How can I get my child to eat vegetables?


I can't seem to get my infant to eat vegetables. Any helpful ideas?

Dr. Greene's Answer

If you drink coffee, you probably remember the first time you took a taste. It was horrible! How could anyone like that disgusting stuff! Many baby foods that we consider very bland have the same impact on children. Children have extremely sensitive taste buds. Their vision may have slightly soft focus, but their sense of taste and smell is much sharper than ours. When it comes to introducing new foods, breast fed babies have an advantage since the taste of mom’s milk varies depending on what she has eaten. Formula fed babies get the exact same taste every time they drink a bottle, and the introduction of new foods can be particularly difficult for them.

It’s normal – even good – for a baby not to like a new vegetable the first several tries. On average it takes 6 to 10 tries during infancy to develop a preference for a new flavor (sometimes, some of these can happen through breast milk or even in the womb). Sadly, 94 percent of parents give up on a new vegetable before they get to 6 tries. Only 1 or 2 parents in a hundred will try 10 times (see Feeding Baby Green).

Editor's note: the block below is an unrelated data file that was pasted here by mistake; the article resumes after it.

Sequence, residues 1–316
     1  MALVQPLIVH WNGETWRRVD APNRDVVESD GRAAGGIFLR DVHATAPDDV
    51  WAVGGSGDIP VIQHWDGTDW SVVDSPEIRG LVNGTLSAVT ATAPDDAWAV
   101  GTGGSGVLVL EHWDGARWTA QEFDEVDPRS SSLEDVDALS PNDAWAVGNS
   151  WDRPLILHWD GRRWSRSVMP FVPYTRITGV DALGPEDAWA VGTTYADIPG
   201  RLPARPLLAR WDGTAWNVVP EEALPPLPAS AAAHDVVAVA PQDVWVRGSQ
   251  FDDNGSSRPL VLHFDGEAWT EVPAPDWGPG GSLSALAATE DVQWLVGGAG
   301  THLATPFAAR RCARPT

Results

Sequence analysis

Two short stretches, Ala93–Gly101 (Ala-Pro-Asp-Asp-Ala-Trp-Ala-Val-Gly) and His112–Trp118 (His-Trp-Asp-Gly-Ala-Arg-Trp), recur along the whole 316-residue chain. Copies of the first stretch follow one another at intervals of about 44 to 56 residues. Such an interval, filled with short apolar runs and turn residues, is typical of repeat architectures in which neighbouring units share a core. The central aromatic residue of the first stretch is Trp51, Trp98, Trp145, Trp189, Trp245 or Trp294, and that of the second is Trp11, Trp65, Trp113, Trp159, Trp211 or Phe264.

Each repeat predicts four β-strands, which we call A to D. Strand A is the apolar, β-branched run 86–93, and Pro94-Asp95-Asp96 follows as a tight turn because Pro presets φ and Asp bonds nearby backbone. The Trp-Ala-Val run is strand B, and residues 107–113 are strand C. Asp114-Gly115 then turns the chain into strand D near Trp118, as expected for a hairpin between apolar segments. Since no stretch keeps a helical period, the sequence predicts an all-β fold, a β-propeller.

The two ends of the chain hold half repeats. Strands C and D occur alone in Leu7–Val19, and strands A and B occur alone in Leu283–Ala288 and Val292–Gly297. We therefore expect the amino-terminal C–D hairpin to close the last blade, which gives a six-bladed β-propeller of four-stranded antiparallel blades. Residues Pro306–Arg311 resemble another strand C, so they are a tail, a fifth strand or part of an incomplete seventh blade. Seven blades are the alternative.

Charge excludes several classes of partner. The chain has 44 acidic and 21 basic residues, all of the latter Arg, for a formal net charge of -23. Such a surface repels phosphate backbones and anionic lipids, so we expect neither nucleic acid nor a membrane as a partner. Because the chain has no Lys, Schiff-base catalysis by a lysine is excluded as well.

One way to get your infant to love any new food is to repeatedly expose them to the taste. You can accomplish this by using the new food for their first bite of solids each day for ten days straight. The first day, they may take one mouthful and spit it out. The second day, they may swallow the first mouthful, but may refuse any more of that food. The third and fourth days, they will probably take a few bites, but will undoubtedly want a food to which they are already accustomed. If you continue this pattern for ten consecutive days, most children will acquire a taste for the new food — even vegetables!

Seeing you eat the same food makes it even more likely they will enjoy it. Mushing some vegetables you are eating (or you eating some of theirs – nonchalantly) can have real power. Don’t try to sell them on it; this just communicates the vegetable isn’t good. But they want to learn what you like to eat. Given a chance to share flavors with you as an infant, kids will learn your food culture in much the same way they learn your language.

  • Tip: While your child is in the process of learning to eat a new food, try scooping a small portion of it into a bowl and serving your child from the bowl. If you dip a “used” spoon into food, you can’t store it for later use. Never force a child to eat more of a new food than they are ready for, but always be ready to scoop up more if they are still interested!


Last medical review on: December 07, 2011
About the Author
Photo of Alan Greene MD
Dr. Greene is a practicing physician, author, national and international TEDx speaker, and global health advocate. He is a graduate of Princeton University and University of California San Francisco.
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